Objective data should include:

Pre-conception / Inter-conception Care
Training Curriculum 2


Objective data should include:

  • Height, weight, normal weight, percentile for height, weight, weight/height, desirable body weight.; desirable body weight, body frame,
  • Fuctuations in weight gain vs weight loss.
  • Age, race
  • Significant laboratory data pertinent to nutritional status.
  • Medications which may influence nutritional status.
  • Dietary supplements, e.g. vitamins, calcium
  • 24-Hour Diet Recall Results: Calculate the nutrient intake utilizing USDA Handbook 456, Food Values of Portions Commonly Used and/or other appropriate methods. Determine the appropriateness of the diet using the Recommended Dietary Allowances as a standard. Record the amounts of each nutrient, vitamin or mineral as appropriate for the specific diet requirements and/or nutritional status.
  • Fluid Intake: the amount in cubic centimeters (cc.) and types of fluids.
  • Drug/Nutrient Interactions: interactions that may increase/decrease absorption of the nutrient/drug, and increase/decrease toxicity of medication, and decrease effect of drugs.
  • Environmental assessment related to nutrition include factors that affect nutritional status, e.g., no working refrigerator, no indoor plumbing, etc.
  • Level of Understanding of Diet: Understanding of dietary needs of patient/significant other.

Patient Education

Patient education in pregnancy is very important in helping women, particularly women at risk to learn appropriate compliance behaviors aimed at appropriate outcomes. Patient education provides the following:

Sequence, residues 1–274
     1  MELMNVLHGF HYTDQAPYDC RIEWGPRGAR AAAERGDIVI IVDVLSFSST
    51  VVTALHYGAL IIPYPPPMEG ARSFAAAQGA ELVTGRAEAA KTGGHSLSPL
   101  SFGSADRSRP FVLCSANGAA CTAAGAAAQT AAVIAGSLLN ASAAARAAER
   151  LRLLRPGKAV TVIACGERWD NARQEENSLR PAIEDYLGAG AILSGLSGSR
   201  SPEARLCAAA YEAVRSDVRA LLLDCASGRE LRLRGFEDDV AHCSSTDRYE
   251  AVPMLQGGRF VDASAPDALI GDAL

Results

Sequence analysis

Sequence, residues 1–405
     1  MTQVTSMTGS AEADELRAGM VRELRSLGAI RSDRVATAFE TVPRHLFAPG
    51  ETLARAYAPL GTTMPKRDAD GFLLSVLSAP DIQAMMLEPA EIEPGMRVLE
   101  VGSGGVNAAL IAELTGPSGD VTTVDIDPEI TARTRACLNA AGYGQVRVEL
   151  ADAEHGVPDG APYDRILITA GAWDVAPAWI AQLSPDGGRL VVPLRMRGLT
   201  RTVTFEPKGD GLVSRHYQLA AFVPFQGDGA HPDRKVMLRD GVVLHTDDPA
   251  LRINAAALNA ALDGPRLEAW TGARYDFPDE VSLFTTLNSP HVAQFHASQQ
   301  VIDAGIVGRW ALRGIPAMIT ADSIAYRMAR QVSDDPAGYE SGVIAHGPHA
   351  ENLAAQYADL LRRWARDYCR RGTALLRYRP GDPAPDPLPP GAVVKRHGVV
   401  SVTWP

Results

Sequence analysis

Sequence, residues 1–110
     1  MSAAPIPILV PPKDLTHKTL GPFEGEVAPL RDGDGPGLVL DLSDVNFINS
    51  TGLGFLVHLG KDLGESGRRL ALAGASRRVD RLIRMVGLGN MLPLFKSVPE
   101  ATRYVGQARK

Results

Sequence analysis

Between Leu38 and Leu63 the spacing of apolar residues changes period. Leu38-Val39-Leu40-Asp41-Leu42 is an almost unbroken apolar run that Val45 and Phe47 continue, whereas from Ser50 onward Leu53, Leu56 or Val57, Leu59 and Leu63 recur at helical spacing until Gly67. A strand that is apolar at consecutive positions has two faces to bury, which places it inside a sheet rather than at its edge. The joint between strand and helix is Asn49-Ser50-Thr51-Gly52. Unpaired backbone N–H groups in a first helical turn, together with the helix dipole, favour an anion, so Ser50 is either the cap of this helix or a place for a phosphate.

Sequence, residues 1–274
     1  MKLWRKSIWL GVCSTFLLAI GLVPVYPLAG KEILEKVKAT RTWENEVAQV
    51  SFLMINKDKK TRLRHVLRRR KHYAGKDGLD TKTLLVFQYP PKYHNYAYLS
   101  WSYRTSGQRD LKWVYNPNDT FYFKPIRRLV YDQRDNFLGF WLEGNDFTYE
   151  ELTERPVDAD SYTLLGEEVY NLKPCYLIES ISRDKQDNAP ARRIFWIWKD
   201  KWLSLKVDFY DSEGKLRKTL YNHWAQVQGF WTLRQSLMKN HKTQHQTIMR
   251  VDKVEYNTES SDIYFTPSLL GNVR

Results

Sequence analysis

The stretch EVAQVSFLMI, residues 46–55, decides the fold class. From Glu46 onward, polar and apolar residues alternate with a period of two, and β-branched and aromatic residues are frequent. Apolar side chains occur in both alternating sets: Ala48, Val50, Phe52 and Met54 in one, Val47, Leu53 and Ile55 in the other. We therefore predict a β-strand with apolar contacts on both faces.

• Anticipatory guidance for expectations of pregnancy
  • Clear directions for compliance with regimens aimed at delivering quality care, with assurance of positive outcomes
  • Assessment of patient's knowledge base before discussing the following issues:

Nutrition Education

Over the past quarter century, there has been an increased awareness of the positive relationship between maternal weight gain during pregnancy and birth weight of the newborn. This awareness is compounded by the recognition of socioeconomic differences in dietary quality and the pregnancy performance which has heightened concern about the nutritional status of the pregnant woman. The woman's body mass index should be determined at the initial prenatal visit to allow for preconceptional intervention recommendations if her status is under- or overweight. An individualized goal for weight gain during pregnancy should be set, and any major or potential nutritional risk factors should be identified. The woman should be asked about her food intake, and, if necessary, she may be referred to a registered dietitian or nutritionist for dietary counseling. A woman's nutrition before pregnancy may have profound effects on reproductive outcome Underweight women who gain little weight during pregnancy are at particularly high risk. Educational materials on nutrition that are available from the American College of obstetricians and Gynecologists, the U.S. Public Health Service, and the March of Dimes may be given to the patient. All patients should be referred or to the Women, Infants, and Children (WIC) program for assistance.